Rock ‘n’ Roll is all about fantasy, mostly about sexual
fantasy (e.g. AC/DC’s “Whole Lotta Rosie”), but sometimes it is just
about Rock ‘n’ Roll fantasy. Such as, what if Jimmy Page found himself at a
lose end and wanted to go out on tour? So who could he pick as a backing band?
Perhaps his long time admirers and possibly America’s tightest jamming band
The Black Crowes? And what could they pick as a set list? A selection of Led
Zeppelin’s finest and just for good measure some of the finest standards laid
Well, for once it was not fantasy, but reality. Rehearsals
took place and dates were set and this amazing combination hit the road,
playing to packed arenas the length and breadth of America, with astounding
results. Fortunately, plans were made to record the event for all time and here
are the results. At first only released on the Internet, but sense was seen and
the whole Shishkerbang was let loose on the eagerly awaiting Rock Public.
For those amongst you who may feel that it is sacrilegious
for anyone else to perform these songs, especially for old Robert (Percy) Plant
not to be singing, hollering, and cajoling every nuance out of these
classic’s: Fear not. Chris Robinson, the Crowes’ vocalist, does not even
attempt to imitate the great man, singing everything in his own style, giving
each song a new slant.
The rest of the Crowes play with such abandon, I have never
heard them play with such verve and panache, and this is somebody who has been
a huge fan of the band for over ten years. The rhythm section of Pipien and
Gorman keep a rock solid groove going whilst losing nothing of the looseness
that keeps the music spontaneous and alive.
Probably the biggest sound difference on the Zeppelin
classics is that although John Paul Jones used to double up on bass and
keyboards (an exemplary job he did, too) in that band his use of piano was very
sparing, whereas Ed Harsch is not frightened to push the piano right to the
front of the sounds cape, soloing when any opportunity arises.
But it is the three pronged guitar attack that floors you,
combining to give the raunchiest guitar sound that has ever been heard on this
little planet. (Lynyrd Skynyrd are stunning, make no mistake, this is just one
step beyond.) Obviously it’s Jimmy Page that steals the show. I doubt he has
ever played better. However, the playing of Chris’s brother Rich Robinson,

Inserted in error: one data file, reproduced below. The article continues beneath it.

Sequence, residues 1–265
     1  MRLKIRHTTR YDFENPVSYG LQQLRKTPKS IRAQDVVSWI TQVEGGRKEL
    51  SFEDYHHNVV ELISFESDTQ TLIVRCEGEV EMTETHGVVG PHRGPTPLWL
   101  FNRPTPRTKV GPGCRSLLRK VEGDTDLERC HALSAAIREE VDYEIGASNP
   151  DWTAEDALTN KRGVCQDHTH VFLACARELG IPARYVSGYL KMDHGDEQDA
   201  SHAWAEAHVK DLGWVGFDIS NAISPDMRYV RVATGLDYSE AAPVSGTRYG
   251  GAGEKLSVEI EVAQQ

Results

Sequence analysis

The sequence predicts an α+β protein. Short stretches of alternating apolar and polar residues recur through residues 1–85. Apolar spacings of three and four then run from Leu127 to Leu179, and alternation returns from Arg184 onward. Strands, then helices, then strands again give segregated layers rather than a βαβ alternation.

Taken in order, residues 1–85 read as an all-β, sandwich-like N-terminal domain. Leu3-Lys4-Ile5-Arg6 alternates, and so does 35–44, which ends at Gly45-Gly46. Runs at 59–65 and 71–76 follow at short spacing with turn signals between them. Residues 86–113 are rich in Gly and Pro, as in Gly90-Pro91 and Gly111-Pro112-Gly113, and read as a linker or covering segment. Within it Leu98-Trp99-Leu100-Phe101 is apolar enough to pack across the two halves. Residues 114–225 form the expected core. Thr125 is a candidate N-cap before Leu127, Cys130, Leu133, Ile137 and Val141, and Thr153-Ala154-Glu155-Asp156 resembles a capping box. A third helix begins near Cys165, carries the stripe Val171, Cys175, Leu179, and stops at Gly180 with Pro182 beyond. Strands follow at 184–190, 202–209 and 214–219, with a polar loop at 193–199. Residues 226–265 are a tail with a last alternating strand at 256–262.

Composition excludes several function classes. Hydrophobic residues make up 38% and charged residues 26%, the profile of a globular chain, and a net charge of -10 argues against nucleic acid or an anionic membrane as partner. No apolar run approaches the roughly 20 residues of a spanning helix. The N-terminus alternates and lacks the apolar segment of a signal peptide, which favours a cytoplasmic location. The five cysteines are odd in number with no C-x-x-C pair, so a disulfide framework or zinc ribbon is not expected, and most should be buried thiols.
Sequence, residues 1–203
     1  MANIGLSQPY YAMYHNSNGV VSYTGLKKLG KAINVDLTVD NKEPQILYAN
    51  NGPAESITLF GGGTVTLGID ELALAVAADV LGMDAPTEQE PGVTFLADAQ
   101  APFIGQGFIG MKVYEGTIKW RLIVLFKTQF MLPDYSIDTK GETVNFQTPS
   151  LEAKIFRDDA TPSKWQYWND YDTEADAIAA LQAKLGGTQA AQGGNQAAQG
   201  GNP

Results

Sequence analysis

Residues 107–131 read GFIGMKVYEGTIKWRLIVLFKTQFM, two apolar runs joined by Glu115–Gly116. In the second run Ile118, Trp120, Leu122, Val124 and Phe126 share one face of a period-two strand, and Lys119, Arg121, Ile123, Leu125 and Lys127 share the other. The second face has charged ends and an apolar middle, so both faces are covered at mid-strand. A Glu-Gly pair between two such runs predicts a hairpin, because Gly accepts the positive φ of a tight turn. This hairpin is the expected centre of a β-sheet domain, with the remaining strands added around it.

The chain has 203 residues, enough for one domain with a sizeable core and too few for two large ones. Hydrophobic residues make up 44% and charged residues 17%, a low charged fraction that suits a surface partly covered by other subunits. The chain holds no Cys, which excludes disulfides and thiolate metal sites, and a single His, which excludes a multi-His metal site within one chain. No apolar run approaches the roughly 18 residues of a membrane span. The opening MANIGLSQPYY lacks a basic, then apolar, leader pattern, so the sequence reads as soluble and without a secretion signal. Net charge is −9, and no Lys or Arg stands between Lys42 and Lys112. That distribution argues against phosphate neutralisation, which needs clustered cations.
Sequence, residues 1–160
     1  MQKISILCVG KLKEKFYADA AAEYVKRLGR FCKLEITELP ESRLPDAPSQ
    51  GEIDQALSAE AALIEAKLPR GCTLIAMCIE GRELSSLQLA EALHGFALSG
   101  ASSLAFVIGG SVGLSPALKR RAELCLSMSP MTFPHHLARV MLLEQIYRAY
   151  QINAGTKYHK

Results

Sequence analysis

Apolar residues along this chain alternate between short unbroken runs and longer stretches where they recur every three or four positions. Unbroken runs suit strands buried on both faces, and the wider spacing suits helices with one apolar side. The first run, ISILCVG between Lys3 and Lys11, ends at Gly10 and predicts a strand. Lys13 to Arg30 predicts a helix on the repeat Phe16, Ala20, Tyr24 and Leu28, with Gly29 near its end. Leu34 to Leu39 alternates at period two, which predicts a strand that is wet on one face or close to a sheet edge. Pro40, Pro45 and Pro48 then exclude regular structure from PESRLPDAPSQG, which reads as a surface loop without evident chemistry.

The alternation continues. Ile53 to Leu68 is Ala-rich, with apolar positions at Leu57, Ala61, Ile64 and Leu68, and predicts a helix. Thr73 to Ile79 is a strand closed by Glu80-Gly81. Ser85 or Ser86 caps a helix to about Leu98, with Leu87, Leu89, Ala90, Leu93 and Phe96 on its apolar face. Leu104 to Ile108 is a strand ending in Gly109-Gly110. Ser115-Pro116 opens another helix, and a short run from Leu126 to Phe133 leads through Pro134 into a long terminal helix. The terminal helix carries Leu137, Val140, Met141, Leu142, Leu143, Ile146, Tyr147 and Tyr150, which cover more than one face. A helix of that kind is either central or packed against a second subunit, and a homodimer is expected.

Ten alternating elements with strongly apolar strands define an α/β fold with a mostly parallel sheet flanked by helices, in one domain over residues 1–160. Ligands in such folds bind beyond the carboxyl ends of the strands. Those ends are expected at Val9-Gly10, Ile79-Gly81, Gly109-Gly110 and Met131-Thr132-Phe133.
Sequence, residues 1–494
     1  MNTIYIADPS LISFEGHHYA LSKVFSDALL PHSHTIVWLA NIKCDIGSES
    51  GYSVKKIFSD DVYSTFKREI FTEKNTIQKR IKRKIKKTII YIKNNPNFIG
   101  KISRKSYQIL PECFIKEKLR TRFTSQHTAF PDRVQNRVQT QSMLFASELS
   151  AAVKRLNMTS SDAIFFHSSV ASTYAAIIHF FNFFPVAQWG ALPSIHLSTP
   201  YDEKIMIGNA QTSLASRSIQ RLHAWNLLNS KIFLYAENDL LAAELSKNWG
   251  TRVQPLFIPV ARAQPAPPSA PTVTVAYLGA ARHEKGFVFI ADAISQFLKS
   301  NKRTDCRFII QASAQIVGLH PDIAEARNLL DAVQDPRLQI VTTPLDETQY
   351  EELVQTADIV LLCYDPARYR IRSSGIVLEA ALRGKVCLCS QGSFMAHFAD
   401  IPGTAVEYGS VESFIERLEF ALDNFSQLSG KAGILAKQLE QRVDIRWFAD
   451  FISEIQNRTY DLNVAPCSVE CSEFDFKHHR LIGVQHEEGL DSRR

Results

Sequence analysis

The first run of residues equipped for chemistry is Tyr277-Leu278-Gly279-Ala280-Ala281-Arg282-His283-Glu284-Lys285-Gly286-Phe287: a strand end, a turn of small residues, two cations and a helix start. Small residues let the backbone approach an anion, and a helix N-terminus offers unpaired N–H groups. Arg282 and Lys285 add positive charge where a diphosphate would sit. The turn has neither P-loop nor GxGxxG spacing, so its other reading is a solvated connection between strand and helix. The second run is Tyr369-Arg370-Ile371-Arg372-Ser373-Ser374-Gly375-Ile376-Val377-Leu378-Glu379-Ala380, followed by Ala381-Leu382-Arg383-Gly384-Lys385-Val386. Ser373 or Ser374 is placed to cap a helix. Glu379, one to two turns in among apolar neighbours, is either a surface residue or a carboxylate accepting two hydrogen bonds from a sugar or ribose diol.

and new at the time Crowes guitarist, is of outstanding class, pushing their
guest player to the outer limits of his ability.
The song selection is spot on. The guitar duel in “You
Shook Me” is nothing short of jaw dropping, especially as it follows a
version of that old Elmore James classic “Shake Your Money Maker”, which
rattles the rooftops and would bring a smile to even the most stern of anorak
Rock ‘n’ Roll connoisseurs. Chris Robinson turns in a truly saucy version
of “The Lemon Song”, and the choice of Jimmy Page’s contemporary
guitarist/songwriter Peter Green’s finest song written whilst in Fleetwood
Mac, “Oh Well” is a pure delight.
There has never been a better version of “Heartbreaker”
with Jimmy Page really stepping out on this one. So topped and tailed with
“Celebration day” and “Whole Lotta Love” across two hours of music
spread over two CDs. You get six cover versions and fourteen classic Zeppelin
tracks (all with credit due to Willie Dixon and C. Burnett), played by a bunch
of guys who are having the time of their lives. This is certainly one of the
top three Rock ‘n’ Roll Live albums of all time.
As an extra - if you have a computer you can watch the band
performing snippets of the songs live from your disc drive plus some very good
stills taken from the Greek, where it becomes even more apparent how well they
all gelled as a unit and what a good time they were having.
After this tour the Black Crowes went back into the studios
to record their next album, the very heavily Zeppelin influenced “Lions”,
since when, it’s been rumored, they have disbanded, probably feeling it would
be hard to top the Jimmy Page tour. One is also left to reflect what a shame it
was that Led Zeppelin never recorded a decent live album. “The Song Remains
The Same” is not a bad album, but hardly a killer. “Live at the Greek”
leaves it for dead.